Where do we go from here?

In light of Vox’s recent article, “Exclusive: National Geographic investigated a top photo editor for sexual misconduct. He left quietly, but women are speaking out,” I’m overwhelmed and compelled to finally write about my #MeToo moment.

Actually, what I’m feeling the most is ashamed. Ashamed that it took me three years to type the words out, ashamed that I ignored a good friend’s nudge to contact the writer for this article, but mostly ashamed about how I handled the situation. This is the headlining reason why I haven’t come forward. I’ve told friends and other photojournalists, some with similar experiences with the same editor, but never to family. Never out loud.

Another contending hindrance, echoing some women in this article, was that my career would suffer. No one likes a complainer. No one wants a loose cannon. I was worried that these labels would be given to me if I were to speak my truth- no matter what evidence I had or witnesses I could conjure up. I’m still worried about the same consequences as I write this now.


It was my first taste of the illustrious photo world. I remember I had this crazy anxiety to perform and network and not seem like I didn’t know what I was doing. During my time at the Western Kentucky University Mountain Workshops in Kentucky’s capitol, Frankfort, I stumbled into an unpleasant encounter that I couldn’t have predicted.

In May 2015, I graduated with a bachelor’s degree in journalism and public relations. However, along the way I discovered that photojournalism was my higher calling. The workshop application opened the following summer. First of all, I felt it was a miracle that I was even accepted into the workshop. For this particular workshop, you have to apply with your portfolio and resume- which I considered to be less than other photographers my age.

So, there I was, in Frankfort, Kentucky. With my mind spinning, I headed to my car after a morning of introductions, speakers and excitement to go meet with my assigned subjects for the workshop. This was when the first interaction happened.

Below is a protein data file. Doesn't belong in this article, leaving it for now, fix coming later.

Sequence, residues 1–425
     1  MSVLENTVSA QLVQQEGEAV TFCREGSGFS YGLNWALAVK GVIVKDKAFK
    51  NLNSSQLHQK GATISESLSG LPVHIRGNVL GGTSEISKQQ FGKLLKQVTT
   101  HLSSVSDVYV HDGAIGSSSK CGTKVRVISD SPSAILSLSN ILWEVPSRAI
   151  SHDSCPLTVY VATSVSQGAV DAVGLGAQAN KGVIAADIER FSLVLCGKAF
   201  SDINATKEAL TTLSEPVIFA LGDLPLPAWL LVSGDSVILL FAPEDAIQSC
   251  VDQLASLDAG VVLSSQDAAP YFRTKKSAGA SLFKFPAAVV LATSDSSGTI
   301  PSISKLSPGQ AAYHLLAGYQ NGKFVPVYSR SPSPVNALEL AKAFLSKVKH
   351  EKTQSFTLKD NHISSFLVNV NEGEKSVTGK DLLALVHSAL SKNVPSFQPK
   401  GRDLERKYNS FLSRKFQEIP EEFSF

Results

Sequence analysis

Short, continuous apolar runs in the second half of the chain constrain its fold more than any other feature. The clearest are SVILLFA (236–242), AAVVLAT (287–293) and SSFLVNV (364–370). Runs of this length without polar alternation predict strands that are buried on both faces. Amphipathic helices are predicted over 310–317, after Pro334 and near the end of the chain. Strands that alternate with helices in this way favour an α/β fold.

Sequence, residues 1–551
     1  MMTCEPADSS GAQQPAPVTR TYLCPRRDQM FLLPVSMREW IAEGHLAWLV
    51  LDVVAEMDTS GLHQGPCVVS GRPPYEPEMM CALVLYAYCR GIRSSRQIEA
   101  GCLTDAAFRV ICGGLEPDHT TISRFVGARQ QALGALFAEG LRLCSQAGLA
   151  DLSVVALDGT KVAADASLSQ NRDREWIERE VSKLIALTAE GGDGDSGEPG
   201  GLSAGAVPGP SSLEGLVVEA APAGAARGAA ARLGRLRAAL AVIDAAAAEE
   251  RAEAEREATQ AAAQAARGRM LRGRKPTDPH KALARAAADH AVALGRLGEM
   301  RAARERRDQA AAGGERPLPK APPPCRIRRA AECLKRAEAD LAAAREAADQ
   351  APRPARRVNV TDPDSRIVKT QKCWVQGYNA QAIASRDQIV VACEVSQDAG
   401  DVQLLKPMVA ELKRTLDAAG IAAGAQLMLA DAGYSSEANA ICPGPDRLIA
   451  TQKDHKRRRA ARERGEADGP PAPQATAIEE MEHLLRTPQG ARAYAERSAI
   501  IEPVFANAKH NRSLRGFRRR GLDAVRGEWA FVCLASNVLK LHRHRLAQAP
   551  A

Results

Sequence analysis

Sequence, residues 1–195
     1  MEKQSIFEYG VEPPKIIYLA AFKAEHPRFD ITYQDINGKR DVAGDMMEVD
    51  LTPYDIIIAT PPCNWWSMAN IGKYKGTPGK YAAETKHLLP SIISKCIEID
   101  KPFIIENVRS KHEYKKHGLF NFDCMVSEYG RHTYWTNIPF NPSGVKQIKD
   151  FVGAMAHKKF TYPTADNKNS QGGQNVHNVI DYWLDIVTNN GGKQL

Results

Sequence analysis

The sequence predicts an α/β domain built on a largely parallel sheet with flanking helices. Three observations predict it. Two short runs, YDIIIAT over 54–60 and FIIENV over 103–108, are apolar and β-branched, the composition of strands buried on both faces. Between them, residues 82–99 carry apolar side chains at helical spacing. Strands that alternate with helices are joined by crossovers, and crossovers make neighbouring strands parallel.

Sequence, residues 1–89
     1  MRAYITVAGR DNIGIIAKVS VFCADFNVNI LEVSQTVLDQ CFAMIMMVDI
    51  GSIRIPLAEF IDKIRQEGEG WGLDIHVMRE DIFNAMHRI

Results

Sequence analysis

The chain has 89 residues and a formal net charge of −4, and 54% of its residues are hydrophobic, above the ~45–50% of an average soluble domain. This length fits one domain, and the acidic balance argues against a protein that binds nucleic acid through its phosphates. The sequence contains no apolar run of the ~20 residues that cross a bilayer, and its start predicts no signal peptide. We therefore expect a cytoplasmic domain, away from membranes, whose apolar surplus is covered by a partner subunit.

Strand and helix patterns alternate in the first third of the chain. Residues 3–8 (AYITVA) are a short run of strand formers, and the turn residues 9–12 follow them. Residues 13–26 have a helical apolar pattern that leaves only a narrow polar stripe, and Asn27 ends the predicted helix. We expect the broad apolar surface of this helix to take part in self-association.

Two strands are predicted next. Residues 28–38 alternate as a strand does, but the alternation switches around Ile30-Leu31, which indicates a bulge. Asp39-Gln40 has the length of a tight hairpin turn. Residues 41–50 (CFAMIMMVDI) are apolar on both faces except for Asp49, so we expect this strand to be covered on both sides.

Patrick Witty was standing in the parking lot. He introduced himself as the Director of Photography for Wired, and previous editor for Time magazine and The New York Times. I remember thinking, wow, someone of this caliber is actually talking to me. He gave some advice, probably because I mentioned how nervous I was, and off I went.

An image from my story about a hardworking father who owned an antique vehicle restoration shop.

After a week of testing my limits, going through a transformation with the help of group leaders, teammates and writing coaches, little sleep and mental toughness, my story was finally finished. Everyone shared their stories on the last night, it was one of the best experiences. The Mountain Workshops was a time and place where I fell even more in love with the support and community bond that photojournalists cultivate.

The moment

After the showings, it’s a tradition to have an after-party. I remember the party starting at 2 AM or something crazy late like that. It’s not out of the ordinary for photojournalists to do something like this. It was in the lobby of the main hotel that participants, professionals and organizers stayed at.

Running on fumes, we continued until the early morning hours. I made a few friends at this point that I was comfortable hanging around. We were happy to stay up chatting.